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Toyota raises capital in hydrogen FCVs, aims for cheaper FCV systems

Author : Saipriya Iyer | Published Date : 2018-07-31 

The Japanese automotive giant, Toyota has reportedly increased its investment in hydrogen powered fuel cell vehicles (FCVs) and has got down to designing low-cost mass market SUV’s and passenger cars. As per sources, the firm plans to push the technology into trucks and buses to build economies of scale.

Yoshikazu Tanaka, chief engineer of the Mirai, Toyota’s FCV, said in an interview, that the company aims on shifting from limited production to mass production of FCV, reduce the amount of expensive material like platinum used in FCV components and eventually make the system more powerful and compact.

Incidentally, many automakers have dismissed plans to expand their production of fuel cell vehicles, having presumed them to be commercially impractical, however Toyota unlike its competitors is busy working on improving its Mirai hydrogen fuel cell vehicle which is expected to be launched by 2020.

Ikuo Ota, Toyota’s manager of new business planning for fuel cell projects said, in a bid to achieve the benefits of mass production, the company will be using as many parts from their existing passenger vehicles and other models in the fuel cell trucks.

Apparently, Toyota hopes on improving performance of the next Mirai by pushing the driving range from 500 kilometers (310 miles) to 700-750 kilometers (435-466 miles), and further achieve a range of 1000 kilometers (620 miles) by 2025.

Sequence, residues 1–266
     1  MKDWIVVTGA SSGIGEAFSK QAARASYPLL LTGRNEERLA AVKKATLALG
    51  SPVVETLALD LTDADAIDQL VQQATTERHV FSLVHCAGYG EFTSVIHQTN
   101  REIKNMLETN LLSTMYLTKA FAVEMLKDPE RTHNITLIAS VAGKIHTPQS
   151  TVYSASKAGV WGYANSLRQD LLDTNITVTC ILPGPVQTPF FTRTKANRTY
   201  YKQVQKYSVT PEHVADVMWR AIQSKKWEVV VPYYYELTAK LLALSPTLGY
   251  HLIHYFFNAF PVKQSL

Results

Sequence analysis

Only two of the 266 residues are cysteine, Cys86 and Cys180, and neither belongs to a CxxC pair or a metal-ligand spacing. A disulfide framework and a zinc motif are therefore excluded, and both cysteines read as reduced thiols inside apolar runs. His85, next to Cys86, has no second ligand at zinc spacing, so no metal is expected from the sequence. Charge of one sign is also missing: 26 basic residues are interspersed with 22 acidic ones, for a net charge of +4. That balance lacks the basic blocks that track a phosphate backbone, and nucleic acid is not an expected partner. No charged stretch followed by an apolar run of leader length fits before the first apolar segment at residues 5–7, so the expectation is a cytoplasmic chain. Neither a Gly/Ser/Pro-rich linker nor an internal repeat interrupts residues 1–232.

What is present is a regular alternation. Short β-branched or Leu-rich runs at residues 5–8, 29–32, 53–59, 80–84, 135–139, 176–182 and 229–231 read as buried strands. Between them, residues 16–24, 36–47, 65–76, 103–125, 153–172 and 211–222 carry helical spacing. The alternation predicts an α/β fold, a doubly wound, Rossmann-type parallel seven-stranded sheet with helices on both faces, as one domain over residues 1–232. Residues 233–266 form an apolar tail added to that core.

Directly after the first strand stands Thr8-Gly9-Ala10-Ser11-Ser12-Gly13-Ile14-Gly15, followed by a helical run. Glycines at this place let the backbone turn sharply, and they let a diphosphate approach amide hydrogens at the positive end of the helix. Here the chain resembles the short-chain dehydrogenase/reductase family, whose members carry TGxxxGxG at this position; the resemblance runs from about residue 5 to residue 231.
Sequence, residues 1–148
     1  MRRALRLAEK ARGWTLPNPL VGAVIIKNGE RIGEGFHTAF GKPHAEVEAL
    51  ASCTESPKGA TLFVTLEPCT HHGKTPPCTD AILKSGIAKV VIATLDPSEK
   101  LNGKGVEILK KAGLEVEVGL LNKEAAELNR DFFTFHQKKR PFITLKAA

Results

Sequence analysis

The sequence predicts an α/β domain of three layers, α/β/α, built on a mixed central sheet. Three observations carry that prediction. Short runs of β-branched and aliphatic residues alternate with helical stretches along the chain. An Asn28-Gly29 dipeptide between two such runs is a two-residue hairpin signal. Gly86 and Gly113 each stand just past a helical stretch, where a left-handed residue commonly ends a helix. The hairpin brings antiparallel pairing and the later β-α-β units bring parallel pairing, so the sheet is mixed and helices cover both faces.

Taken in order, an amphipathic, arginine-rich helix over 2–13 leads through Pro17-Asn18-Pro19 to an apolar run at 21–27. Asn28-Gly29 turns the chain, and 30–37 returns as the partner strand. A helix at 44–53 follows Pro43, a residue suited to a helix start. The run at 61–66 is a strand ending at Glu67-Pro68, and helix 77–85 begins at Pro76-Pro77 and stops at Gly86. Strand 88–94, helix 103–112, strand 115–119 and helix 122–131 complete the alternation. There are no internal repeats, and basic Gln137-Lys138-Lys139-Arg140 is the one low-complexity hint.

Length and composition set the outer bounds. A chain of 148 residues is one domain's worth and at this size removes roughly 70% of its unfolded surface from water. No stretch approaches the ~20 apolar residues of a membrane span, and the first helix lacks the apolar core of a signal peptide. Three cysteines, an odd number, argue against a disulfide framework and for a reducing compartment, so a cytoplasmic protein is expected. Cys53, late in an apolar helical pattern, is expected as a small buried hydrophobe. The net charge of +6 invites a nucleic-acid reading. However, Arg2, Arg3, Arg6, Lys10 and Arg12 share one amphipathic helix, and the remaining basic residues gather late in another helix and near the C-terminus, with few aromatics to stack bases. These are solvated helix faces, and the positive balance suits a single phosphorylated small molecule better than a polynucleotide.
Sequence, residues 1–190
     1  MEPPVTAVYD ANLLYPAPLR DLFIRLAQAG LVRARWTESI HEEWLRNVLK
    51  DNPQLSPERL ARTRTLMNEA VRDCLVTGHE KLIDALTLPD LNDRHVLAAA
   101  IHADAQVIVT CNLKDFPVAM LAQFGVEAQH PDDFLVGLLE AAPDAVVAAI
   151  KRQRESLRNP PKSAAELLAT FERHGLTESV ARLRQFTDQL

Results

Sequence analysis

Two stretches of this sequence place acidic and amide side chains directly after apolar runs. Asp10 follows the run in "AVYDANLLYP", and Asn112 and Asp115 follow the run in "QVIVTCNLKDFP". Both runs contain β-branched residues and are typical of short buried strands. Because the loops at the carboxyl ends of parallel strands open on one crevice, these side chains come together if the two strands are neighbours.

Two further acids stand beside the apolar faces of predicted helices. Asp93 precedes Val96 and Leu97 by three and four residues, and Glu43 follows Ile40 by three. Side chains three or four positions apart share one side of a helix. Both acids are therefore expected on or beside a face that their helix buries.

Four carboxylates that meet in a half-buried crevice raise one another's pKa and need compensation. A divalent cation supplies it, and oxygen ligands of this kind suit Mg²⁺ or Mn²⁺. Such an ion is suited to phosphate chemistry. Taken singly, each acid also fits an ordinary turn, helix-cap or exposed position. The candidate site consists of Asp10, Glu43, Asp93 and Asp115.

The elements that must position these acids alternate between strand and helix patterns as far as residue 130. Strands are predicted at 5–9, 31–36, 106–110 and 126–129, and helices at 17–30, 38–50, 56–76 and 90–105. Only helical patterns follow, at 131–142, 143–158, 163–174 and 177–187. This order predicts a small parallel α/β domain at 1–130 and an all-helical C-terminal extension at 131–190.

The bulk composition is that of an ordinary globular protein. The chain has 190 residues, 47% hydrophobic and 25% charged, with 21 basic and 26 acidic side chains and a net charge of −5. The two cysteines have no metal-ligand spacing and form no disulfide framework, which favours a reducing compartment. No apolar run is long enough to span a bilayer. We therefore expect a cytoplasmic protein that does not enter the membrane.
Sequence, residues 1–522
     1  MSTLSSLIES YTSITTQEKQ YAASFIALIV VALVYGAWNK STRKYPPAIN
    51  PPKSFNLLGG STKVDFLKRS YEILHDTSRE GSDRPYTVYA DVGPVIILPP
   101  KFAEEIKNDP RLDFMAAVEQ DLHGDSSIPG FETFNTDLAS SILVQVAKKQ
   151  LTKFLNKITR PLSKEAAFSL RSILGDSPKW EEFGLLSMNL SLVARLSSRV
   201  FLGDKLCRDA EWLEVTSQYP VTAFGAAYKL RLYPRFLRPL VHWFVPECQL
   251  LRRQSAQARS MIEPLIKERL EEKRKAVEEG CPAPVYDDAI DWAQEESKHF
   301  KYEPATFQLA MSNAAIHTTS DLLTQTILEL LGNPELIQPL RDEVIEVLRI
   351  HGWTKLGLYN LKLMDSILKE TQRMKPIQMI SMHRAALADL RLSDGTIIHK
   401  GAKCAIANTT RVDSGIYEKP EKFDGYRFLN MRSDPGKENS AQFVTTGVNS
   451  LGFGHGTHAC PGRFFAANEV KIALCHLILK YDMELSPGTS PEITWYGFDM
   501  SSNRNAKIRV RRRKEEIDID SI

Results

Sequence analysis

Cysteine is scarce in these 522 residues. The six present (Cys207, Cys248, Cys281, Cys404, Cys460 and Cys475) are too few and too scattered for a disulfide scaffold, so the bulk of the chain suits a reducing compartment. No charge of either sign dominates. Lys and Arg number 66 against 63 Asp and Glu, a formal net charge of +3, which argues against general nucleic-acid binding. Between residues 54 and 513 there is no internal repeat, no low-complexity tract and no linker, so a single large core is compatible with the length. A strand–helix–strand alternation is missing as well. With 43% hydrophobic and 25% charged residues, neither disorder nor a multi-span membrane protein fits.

For the record, Toyota’s Mirai was launched in 2014 and was titled the world’s first production FCV, however its high cost (around $60,000) and lack of available refueling stations limited its appeal, eventually leading to sales lesser than 6,000 globally. 

As per an official statement, the demand for FCVs is bound to increase as countries committed to electric vehicles like China will notice the advantages of fuel cell technology. In addition, the company also sees development in FCVs, owing to the scarcity of important EV battery material such as cobalt.

About Author

Saipriya Iyer

Saipriya Iyer

Saipriya Iyer presently works as a content developer for fractovia.org. Having dabbled with the domain of content creation for nearly half a decade, she now boasts of an enviable portfolio, holding substantial experience in penning down pieces related to technology, finance, and a wide spectrum of other industry verticals. A qualified computer engineering graduate from the University of Pune, Saipriya can often be found leveraging her knowledge of software technology and electronics in her write-ups. She can be contacted at- [email protected] | https://twitter.com/saipriya_i

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